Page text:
Last modified: 2019-01-13 by ivan sache
Keywords: pancorbo |
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Flag of Pancorbo - Image by Ivan Sache, 28 February 2015
The municipality of Pancorbo (534 inhabitants in 2010; 5,845 ha; municipal website) is located in the northeast of the Province of Burgos, 70 km of Burgos.
Pancorbo was mentioned in 883 in Cronicón Albeldense as
Pontecorbum. Incorporated into Navarre in 1029 after the death of King of Castile García Sanchez, Pancorbo was reincorporated into Castile in 1054, following the Battle of Atapuerca, by King Ferdinand I.
Reconquerred by Navarre in 1068, the village was eventually incorporated to Castile in 1076 by Alfonso VI. On 8 March 1147, Alfonso VII granted a charter to Pancorbo, confirming its status of realengo (Royal domain) and allowing a weekly market. Once capital of the Bureba region, Pancorbo declined in the 14th century when the capital was transferred to Briviesca. The village was eventually granted to the Burgos Council in 1379 by John I.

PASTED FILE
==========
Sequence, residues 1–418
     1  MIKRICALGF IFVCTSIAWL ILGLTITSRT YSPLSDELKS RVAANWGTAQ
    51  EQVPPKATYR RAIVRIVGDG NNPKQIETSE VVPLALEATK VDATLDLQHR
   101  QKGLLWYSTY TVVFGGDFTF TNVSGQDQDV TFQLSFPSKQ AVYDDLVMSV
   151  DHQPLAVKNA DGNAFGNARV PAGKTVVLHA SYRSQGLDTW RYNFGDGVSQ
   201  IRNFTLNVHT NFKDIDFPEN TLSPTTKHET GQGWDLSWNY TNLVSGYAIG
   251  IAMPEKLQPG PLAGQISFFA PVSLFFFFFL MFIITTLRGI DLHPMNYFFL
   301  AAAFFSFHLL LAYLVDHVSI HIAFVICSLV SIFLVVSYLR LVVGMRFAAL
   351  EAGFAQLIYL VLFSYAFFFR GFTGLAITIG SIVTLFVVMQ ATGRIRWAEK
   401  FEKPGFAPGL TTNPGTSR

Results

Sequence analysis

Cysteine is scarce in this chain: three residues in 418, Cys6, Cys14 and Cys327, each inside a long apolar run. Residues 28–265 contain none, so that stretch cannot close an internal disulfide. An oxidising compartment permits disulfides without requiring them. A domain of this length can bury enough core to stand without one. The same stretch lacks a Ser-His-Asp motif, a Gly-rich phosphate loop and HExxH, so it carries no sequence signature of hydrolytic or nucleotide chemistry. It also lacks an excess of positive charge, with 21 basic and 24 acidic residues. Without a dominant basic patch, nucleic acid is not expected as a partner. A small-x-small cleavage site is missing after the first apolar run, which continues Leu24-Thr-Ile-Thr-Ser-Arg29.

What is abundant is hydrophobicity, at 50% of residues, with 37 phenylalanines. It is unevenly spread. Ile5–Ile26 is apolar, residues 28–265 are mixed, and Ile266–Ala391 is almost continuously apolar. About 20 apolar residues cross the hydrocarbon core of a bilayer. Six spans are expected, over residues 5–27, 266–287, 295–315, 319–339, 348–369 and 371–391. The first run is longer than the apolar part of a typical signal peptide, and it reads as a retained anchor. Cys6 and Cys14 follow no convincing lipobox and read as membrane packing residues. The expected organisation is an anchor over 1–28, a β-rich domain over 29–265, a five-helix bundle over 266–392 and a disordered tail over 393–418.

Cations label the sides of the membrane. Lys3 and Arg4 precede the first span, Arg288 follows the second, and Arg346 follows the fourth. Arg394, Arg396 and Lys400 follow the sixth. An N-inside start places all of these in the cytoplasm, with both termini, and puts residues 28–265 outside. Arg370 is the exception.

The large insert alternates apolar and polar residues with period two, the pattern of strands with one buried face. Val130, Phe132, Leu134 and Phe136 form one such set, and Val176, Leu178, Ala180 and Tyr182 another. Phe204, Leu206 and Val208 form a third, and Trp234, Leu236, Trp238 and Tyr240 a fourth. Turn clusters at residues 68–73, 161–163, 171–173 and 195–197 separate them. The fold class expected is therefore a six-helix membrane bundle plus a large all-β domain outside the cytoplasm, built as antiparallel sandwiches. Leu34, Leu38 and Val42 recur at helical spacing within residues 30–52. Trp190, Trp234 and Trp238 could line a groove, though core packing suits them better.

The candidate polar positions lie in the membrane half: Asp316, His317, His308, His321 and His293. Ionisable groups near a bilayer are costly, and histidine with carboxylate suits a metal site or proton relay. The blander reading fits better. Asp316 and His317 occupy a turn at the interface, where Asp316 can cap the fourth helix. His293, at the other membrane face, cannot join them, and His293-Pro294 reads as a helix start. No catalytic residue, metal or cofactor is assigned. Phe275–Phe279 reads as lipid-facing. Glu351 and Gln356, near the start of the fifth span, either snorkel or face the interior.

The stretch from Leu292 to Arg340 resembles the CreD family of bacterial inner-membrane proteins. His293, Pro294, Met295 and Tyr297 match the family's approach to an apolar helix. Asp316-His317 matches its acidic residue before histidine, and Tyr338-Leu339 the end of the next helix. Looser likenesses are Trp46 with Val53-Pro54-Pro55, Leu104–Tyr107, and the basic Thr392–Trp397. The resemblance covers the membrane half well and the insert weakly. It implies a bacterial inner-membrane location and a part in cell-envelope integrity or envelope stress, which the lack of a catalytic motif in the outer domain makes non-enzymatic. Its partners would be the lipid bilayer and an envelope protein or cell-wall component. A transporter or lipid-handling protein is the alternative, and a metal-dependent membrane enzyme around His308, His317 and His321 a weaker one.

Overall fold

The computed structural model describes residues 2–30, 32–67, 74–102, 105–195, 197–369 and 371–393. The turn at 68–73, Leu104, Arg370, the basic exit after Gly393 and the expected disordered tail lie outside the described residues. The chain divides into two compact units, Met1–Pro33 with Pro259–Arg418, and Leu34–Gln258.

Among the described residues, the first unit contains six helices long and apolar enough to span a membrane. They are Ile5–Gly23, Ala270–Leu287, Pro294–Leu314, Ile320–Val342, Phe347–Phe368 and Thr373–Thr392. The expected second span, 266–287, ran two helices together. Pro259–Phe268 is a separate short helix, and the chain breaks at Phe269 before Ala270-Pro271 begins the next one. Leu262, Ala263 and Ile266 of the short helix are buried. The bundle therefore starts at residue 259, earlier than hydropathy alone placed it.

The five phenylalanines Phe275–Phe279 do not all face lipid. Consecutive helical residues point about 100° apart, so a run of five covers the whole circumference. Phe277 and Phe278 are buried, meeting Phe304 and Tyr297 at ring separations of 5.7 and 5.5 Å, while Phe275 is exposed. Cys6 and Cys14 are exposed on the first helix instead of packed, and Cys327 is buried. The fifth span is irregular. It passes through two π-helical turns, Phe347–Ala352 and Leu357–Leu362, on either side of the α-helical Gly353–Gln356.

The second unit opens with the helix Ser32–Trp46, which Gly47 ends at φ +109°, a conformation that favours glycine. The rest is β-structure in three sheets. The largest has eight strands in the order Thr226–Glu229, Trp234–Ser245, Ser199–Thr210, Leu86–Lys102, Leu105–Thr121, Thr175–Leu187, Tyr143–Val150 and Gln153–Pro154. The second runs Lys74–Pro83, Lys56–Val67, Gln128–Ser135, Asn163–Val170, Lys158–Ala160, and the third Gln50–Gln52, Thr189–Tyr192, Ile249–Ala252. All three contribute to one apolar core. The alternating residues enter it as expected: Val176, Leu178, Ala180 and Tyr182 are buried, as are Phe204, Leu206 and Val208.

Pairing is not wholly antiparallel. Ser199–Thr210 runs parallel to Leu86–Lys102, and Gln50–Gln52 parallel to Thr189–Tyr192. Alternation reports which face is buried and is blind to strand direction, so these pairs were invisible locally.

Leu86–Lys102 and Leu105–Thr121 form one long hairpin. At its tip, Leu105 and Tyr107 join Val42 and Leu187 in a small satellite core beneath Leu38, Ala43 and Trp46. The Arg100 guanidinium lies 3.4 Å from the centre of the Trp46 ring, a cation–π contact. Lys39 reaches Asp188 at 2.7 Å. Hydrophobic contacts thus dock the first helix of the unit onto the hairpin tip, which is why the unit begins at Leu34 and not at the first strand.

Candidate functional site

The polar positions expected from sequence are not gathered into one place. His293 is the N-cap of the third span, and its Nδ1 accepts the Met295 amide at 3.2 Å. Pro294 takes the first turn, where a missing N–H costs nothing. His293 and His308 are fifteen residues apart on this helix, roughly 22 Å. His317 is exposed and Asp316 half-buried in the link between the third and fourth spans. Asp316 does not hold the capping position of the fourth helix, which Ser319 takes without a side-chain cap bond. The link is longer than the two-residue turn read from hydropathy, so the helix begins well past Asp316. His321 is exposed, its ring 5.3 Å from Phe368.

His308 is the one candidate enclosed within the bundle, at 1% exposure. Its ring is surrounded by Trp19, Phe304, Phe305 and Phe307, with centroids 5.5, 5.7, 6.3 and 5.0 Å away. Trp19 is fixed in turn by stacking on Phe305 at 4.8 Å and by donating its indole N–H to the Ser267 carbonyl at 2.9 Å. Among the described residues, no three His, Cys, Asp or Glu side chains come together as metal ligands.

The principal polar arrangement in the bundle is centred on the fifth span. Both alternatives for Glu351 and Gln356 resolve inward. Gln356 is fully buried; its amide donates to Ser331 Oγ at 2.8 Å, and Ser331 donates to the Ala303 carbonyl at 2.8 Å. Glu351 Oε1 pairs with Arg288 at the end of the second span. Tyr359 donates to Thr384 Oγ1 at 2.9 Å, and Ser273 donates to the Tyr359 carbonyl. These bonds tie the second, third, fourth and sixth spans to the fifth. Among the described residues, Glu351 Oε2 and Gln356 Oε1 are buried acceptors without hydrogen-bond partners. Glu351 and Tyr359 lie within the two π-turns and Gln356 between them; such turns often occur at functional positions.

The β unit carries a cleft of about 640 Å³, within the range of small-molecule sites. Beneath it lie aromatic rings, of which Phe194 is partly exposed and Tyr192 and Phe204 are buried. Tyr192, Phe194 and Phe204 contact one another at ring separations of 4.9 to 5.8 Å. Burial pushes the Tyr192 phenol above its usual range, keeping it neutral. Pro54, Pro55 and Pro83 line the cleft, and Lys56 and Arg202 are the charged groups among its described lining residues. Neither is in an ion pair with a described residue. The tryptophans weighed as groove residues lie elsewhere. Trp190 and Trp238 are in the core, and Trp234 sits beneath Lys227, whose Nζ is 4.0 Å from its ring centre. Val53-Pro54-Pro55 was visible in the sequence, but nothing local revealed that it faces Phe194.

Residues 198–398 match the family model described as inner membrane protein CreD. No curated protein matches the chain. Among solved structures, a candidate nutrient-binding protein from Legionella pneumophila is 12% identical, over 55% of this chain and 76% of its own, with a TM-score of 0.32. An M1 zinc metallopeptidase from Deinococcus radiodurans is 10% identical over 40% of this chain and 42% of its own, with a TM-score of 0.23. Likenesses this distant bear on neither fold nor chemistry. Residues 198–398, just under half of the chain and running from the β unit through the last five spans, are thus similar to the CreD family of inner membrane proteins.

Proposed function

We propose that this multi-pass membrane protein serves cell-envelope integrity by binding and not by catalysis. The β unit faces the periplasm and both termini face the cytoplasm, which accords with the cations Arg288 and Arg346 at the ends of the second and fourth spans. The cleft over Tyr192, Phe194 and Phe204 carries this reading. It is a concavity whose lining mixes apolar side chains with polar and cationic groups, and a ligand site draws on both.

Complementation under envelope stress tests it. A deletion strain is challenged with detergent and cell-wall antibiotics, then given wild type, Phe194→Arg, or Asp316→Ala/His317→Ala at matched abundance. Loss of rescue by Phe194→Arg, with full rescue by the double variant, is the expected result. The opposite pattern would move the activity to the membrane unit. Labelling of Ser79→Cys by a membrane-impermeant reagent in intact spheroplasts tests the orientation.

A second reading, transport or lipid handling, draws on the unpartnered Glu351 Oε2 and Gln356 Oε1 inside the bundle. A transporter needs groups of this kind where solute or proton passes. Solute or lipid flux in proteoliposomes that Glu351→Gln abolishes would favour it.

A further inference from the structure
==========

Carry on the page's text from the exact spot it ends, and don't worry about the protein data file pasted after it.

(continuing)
The St. Engracia fort of Pancorbo was built at the end of the 18th century, after Spain had declared war to the French Republic in 1793; the fort, protected by 173 cannons, could cater 600 horses and 10,000 soldiers. Decommissioned in 1796 following the Spanish-French alliance, the fort was seized in 1808 by the French troops, who eventually surrendered in June 1813.
Ivan Sache, 23 March 2011
The flag and arms of Pancorbo are prescribed by a Decree adopted on 4 June 1999 by the Burgos Provincial Government, signed on 15 June 1999 by the President of the Government, and published on 25 June 1999 in the official gazette of Castilla y León, No. 121, p. 6,840 (text).
The symbols are described as follows:
Flag: Tricolor. Red in the central stripe, 0.50; yellow in the upper stripe, 0.25; and white in the lower stripe, 0.25; or, gules, or and argent. The shape matching the prescription of Castile and León, that is square with the municipal coat of arms in the middle of the flag.
Coat of arms: Gules a three-towered castle gules masoned sable port and windows azure surrounded by curved [corvos] caps argent in chief a bread [pan] or. The shield surmounted with a Royal crown closed.
The flag in use on the Town Hall has proportions 2:3 instead of the prescribed 1:1.
Ivan Sache, 28 February 2015